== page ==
"This land has a long history of poverty, ignorance, disease and endless struggles for clan domination. I'd wager a year's pay outside of Aguinaldo's band of fanatics, there's not a Filipino man, woman or child who wouldn't welcome a little American prosperity. Think of it, Matt. We can bring schools with good teachers, hospitals with doctors that really cure, farm machinery and new ways to grow and harvest crops. With our help they can live better than they ever dreamed. At home we teach our children to thank God every day for His blessings. What could be wrong with sharing those blessings? What could be right about a delusional monomaniac denying all that to his countrymen?"

Major Baston gave a signal and his new executive officer, Captain Welsh, rode forward. "Have the men break for midday meal. Post security patrols from A and H Companies." The captain saluted smartly, turned and passed the orders along. "Luncheon with me, Lieutenant, and we'll pursue this further."

The two men sat at a field table in the shade of a collapsible umbrella. A cook poured coffee, the major topped his with a splash of whiskey from his flask. Lieutenant Alstaetter ignored this, smiled at the major. "I was on the debate team at the Academy, sir, and I concede your argument well conceived, eloquently and persuasively delivered. However, isn't the argument itself flawed?"

Baston bit into an apple. "How so?"

"I mentioned the overthrow of an oppressive government, and you countered with the elusiveness of right action and the reliance on moral equivalence. If equivalence is the determining factor, then can't Aguinaldo's pursuit of freedom be compared with the American adventure? Who's to say his struggle won't yield the same fortunate results?"

Major Baston picked a little green flap of apple skin from his teeth, examined it, and then flicked it into the weeds beside his chair. "You'll remember I said history is the means by which right and wrong is determined. For example, to this day England enslaves every race they encounter, but we live free. History has determined Thomas Jefferson, George Washington and an unlikely band of citizen soldiers were right. Not so for Aguinaldo, because history has not made the determination."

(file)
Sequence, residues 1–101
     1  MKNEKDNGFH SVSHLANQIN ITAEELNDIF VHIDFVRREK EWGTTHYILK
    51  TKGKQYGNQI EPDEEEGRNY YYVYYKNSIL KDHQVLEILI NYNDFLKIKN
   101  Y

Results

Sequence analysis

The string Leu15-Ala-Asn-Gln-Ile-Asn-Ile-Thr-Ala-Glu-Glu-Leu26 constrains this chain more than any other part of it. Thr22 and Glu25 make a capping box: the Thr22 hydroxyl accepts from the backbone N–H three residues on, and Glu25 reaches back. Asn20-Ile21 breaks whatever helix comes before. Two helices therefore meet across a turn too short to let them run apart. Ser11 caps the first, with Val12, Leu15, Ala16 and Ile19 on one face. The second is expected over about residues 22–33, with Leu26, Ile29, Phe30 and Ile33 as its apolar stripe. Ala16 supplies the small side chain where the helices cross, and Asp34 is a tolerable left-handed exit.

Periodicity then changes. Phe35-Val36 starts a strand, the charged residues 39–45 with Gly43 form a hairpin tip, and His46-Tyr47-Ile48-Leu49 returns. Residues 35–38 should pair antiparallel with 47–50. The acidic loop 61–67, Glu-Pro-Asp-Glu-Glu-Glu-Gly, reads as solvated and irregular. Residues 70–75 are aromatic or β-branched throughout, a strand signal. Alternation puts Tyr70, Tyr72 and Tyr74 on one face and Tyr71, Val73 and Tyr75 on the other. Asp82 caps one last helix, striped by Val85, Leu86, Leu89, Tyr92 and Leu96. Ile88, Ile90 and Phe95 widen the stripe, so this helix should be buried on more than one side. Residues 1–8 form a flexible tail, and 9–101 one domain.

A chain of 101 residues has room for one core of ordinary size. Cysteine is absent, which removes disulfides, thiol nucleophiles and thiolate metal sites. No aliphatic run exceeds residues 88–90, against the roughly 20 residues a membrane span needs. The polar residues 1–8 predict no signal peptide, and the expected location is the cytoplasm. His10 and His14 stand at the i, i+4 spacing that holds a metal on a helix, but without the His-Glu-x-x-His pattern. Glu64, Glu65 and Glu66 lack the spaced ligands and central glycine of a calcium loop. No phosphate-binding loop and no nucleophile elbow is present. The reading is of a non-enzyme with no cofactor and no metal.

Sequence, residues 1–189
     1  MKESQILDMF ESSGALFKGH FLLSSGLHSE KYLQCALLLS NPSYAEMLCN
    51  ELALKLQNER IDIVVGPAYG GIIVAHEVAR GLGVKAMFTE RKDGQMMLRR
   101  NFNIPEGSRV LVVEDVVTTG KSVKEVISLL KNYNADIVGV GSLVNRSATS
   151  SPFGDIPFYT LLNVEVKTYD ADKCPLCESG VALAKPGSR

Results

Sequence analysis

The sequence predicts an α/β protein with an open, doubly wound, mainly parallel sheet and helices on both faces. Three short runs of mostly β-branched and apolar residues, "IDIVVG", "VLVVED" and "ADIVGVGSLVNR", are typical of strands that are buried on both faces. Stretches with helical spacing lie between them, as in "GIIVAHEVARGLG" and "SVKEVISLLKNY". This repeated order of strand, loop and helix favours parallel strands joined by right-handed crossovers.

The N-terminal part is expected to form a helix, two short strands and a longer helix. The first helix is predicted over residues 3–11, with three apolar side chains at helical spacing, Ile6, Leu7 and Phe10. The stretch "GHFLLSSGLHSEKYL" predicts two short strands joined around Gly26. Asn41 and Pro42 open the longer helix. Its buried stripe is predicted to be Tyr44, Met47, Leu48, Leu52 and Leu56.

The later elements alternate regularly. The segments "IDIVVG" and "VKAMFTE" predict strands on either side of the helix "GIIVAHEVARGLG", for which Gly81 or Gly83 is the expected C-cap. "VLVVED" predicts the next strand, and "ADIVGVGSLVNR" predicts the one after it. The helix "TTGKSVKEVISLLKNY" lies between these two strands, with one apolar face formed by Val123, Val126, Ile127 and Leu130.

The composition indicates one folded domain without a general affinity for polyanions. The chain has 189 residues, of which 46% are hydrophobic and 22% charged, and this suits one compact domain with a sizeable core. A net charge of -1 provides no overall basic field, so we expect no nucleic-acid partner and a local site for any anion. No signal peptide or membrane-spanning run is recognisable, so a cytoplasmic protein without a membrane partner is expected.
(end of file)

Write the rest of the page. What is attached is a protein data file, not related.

"Sir, that's precisely my point. How can we be sure now whether it's we or Aguinaldo who does the right thing?"

"We can't. Precisely my point. As officers and gentlemen it's up to us to take a broad view and use our best judgment, the only tools we have. President McKinley has a vision of America far different from what she is today. What if he's right? What if taking these Islands means our nation will grow and prosper into the next century? What if it's our destiny to rule the world? Don't we have the right to look out for our best interests? Aren't we obligated to make a better, more prosperous world for our children and grandchildren? Who's to say building a strong, proud America is not right action ?" Warming to his subject, Baston drained his cup and signaled for more. "What if, as Shakespeare said, a divinity shapes our ends, rough-hew them as we will with our meddlesome right action ?"

"What you describe, sir is chaos. If the end justifies the means, then there's no standard for moral or ethical behavior. Men are free to pursue any course of action whatsoever once they manufacture a potential or perceived greater good. It's anarchy."

Major Baston sat forward in his chair and closed one eye, better to focus on the young officer while he made his point. "What I describe is both chaos and anarchy, Lieutenant. It's war!"

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Excerpts:

1. Fagen arrives in the Philippines

2. White soldiers bring their prejudice with them

3. Fagen hears another side of the story

4. Dinner with Colonel Funston

5. Fagen's first taste of combat

6. Fagen meets Clarita

7. More than fair?

8. The water cure

9. Fagen gets his fortune told

10. Imperialism exposed

11. Sergeant Rivers speaks his mind

12. Genocide

13. Fagen meets El Presidente

14. Bad news comes to Fagen

15. Fate takes over

16. San Lazaro leper hospital

17. An offer Fagen can't refuse

18. Funston makes a plan

19. "Capitan" Fagen

20. Funston assembles his team

21. Morality, ethics and war

22. Jungle encounter

23. Commencement

24. Benevolent assimilation

25. Colonel Bloody Shirt pays a call

26. Fagen declares war on God

27. Major Baston tastes his own medicine

28. Funston on the march

29. Fagen goes home